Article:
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NEXIM Bank, NIWA, Others to Boost Non-oil Exports by $1.2bn

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  • NEXIM Bank, NIWA, Others to Boost Non-oil Exports by $1.2bn

The Nigerian Export-Import Bank has entered into a partnership with the National Inland Waterways Authority and Sealink Promotional Company Ltd to bridge the waterways infrastructure gap and enhance the country’s trade in the ECOWAS sub-region.

The tripartite memorandum of understanding, which was sealed in Abuja, would enhance Nigeria’s annual non-oil exports revenue to between $500m and $1.2bn annually.

The Managing Director, NEXIM Bank, Mr Abba Bello, signed the MoU on behalf of his bank, while the Managing Director, NIWA, Senator Olorunnimbe Mamora, and the Chairperson of Sealink Implementation Committee, Mrs Dabney Shallholma, signed on behalf of their agencies.

Speaking on the pact, Bello noted that the agreement was a public-private partnership framework, which was primarily designed to attract private sector investments under government agencies facilitative support at no cost to the government.

The MoU, he added, was intended to bridge infrastructure gap that would promote and enhance trade connectivity as well as spur Nigeria’s regional and global trade competitiveness.

Bello described the agreement as a significant milestone in the bank’s ongoing collaborations with all key national and regional maritime stakeholders, noting that it would be catalytic to the realisation of one of the priority projects under the ECOWAS Community Development Programmes.

The NEXIM bank boss said the effective implementation of the Sealink project and the safe utilisation of the inland waterways, would no doubt bridge logistics gaps that will attract and facilitate investment inflows.

This, he noted, would contribute to the realisation of one of the broad strategic objectives of the Economic Recovery and Growth Plan, which is building a globally competitive economy.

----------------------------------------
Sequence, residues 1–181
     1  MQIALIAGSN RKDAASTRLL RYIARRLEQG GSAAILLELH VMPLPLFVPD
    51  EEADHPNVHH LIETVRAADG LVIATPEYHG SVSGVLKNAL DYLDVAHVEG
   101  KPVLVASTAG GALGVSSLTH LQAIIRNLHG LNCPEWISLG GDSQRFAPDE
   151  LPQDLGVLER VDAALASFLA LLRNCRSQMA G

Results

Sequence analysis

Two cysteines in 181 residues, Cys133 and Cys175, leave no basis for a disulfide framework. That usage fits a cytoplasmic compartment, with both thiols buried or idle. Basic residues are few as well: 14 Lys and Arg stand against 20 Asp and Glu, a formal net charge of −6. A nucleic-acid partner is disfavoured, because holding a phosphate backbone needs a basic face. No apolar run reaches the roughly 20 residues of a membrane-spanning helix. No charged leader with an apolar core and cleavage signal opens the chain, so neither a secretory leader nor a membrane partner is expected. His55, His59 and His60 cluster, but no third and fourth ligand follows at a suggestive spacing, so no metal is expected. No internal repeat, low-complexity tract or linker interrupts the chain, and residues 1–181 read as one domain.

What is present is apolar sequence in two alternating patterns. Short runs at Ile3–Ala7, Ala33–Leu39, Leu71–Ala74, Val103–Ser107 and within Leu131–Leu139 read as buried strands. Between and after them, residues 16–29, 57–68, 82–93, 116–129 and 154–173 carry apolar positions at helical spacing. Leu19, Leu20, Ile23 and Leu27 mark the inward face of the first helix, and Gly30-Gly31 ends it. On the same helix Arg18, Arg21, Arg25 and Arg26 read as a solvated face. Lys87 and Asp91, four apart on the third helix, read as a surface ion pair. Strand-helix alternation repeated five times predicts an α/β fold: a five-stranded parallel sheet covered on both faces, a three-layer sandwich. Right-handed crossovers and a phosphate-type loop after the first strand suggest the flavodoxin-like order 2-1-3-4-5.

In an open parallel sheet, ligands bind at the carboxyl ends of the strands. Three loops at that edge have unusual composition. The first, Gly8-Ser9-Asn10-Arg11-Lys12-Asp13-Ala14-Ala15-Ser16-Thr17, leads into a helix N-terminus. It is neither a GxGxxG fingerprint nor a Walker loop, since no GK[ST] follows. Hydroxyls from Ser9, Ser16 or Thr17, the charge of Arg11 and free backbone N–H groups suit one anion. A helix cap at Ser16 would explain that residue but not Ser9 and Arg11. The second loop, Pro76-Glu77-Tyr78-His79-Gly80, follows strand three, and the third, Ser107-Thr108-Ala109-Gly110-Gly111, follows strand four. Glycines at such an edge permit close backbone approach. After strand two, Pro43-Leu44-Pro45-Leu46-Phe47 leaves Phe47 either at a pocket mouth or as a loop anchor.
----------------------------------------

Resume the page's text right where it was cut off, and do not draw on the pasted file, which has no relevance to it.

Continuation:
He said, “As a trade policy bank, NEXIM strategic interest and partnership in the regional Sealink Project is to promote and diversify exports as well as enhance trade connectivity in line with government’s objective to diversify the economy.

“Also, the bridging of maritime infrastructure gap is expected to significantly enhance exports of bulk solid minerals, thereby enhancing the Gross Domestic Product contribution of both shipping and solid minerals sectors from current levels of about 0.2 per cent.

“In value terms, it is projected that the signing of this Memorandum of Understanding would promote waterway operations for the hinterland, transit and coastal trade, especially for bulk cargo.

“It is noteworthy to highlight that it is projected that this development would enhance non-oil exports annual revenue receipts to between $500m and $1.2bn annually on bulk solid minerals exports.”

In his remarks, the NIWA boss said that the pact was necessary to ensure full integration of the potential of Nigeria’s resources.

Mamora said, “For too long, our economy has been dependent on oil and its derivatives.

CEO/Founder Investors King Ltd, a foreign exchange research analyst, contributing author on New York-based Talk Markets and Investing.com, with over a decade experience in the global financial markets.